Chamber music has steadily become slightly more hip these days. This classical subgenre once occupied by greying wigs from Prague is now becoming infiltrated by spring-hatched Juilliard grads that spend just as much time shopping at J. Crew and posing for photo shoots as they do practicing their instruments. Not that this is a bad thing—classical music will always place substance before style—but it does change how the style receives exposure. As the listening audience becomes younger, the more forgiving they are for the inclusion of “newer” classical music. In fact, they may even encourage it. Schubert and Schumann are cool, but what about the here and now? Do we have any classical music that speaks for us? It’s been there for a long time, but it’s just now getting some traction with the indie crowd.
NOW Ensemble and Chiara String Quartet, both signed to the New Amsterdam label, are two chamber groups who understand the allure of the new. In fact, the former’s new album Awake is made entirely of original material penned by individual group members. The latter ensemble’s new release highlights two string quartets from American composer Jefferson Friedman, a Juilliard alumnus who just recently became old enough to run for president. Even though both albums find compact ensembles wrestling with modern material that is at odds with 99 percent of what is popular nowadays, the impressions they create are very different.
The NOW Ensemble is one of those acts capable of concocting a style that is as challenging as it is emotionally compelling. Their sound is also far more bold and realized than what you might suspect from reading their roster; two of the seven members are credited as composers only while the remaining five cover clarinet, flute, guitar, piano and bass. When everything is weaved together, it ranges from intriguing to unstoppable. The first track alone, “Change”, is a dizzying talent show of everything NOW Ensemble does right, even if the overlapping syncopated patterns do sound dangerously close to Steve Reich. The best cut is saved for last, though. Weighing in at nine minutes, the title track boasts many gear-shifts and quite possibly even more compositional depth. Solemn, in-the-dark figures play leapfrog with woodwind flourishes that sound like they are ascending a mountain. It really does put to shame much of the modern classical music out there that exists purely to be modern.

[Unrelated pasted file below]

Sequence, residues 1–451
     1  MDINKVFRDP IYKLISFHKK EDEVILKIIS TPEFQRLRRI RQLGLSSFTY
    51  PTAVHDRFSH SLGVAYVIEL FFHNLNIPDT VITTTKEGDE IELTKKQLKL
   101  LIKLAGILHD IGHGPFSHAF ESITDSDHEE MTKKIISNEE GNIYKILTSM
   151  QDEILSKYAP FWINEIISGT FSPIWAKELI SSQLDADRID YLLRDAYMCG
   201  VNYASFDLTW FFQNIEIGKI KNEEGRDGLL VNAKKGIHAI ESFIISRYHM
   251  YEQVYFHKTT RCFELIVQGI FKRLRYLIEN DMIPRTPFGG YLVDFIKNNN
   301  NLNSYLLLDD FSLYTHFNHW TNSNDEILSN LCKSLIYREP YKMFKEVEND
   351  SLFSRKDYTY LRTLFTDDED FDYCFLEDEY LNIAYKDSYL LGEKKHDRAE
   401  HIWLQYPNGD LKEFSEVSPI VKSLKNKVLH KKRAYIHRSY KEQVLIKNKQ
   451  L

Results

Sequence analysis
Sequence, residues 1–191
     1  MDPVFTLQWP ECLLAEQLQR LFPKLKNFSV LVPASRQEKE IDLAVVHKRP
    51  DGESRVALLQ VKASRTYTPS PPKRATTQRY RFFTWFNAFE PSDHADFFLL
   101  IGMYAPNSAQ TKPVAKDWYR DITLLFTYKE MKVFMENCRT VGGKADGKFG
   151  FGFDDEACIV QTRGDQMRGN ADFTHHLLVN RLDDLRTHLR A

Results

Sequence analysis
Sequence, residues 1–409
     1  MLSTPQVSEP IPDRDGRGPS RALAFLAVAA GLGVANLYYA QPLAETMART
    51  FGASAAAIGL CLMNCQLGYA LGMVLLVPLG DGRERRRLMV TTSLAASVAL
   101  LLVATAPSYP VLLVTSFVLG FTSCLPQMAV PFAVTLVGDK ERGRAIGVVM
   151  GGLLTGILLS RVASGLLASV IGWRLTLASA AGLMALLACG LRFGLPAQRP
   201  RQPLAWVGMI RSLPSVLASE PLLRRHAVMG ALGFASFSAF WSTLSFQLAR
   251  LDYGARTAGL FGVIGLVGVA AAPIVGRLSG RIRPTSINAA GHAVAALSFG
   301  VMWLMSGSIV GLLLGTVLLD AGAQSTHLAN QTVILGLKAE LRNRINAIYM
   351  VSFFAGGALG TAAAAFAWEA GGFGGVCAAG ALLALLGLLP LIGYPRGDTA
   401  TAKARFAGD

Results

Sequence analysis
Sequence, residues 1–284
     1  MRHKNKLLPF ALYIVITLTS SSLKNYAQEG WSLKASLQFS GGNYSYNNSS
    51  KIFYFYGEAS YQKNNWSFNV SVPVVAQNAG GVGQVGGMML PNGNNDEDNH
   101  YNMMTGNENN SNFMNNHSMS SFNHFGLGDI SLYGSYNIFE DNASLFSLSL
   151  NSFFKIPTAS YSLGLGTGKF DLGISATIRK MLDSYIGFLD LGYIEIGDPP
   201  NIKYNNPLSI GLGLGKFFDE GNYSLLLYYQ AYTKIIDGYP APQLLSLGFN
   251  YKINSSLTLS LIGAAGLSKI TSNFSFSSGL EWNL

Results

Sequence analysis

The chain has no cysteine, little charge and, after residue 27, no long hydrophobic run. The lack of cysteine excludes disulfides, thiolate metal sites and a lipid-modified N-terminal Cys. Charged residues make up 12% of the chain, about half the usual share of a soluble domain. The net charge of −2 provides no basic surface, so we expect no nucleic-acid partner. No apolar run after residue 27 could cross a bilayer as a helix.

And that leads me to the other release in question, Chiara’s Jefferson Friedman: Quartets. The lines of communication drawn from composer to listener that make Awake so damn good get obscured here, if not erased entirely. Friedman’s music is like a headless and limbless torso, and a rather nebulous one at that. Themes and variations are turned down while 16th (or is it 32nd?) note rushes get into the door. The harmony’s density doubles or triples beyond its own good, and before you know it, the human experience comes down with a bad case of frostbite. Chiara can’t be blamed for performing competently, but they can be blamed for giving musique concrete duo Matmos five minutes of album space to derail the established mood with a terribly distracting remix. They are in charge of two remixes, actually, and the second one is a far more appropriate fit for the collection considering how it sounds like Bruce Gilbert took a hammer to the tape. The first one breaks it down with the disco beats, and no matter how many times you listen to this CD, you are just not prepared for it when it arrives.
Now we see that chamber music can move in a variety of directions, even on one record label. As far as the future is concerned, this will lead to more good things than not as the subgenre becomes more palatable to an independently-minded music public. Neither group has their careers at stake with these two releases. And I really doubt anyone at New Amsterdam is banking on any crossover hits this year. But if an album like Awake is of any indication of future potential, we are in for some downright masterpieces.
Jefferson Friedman: Quartets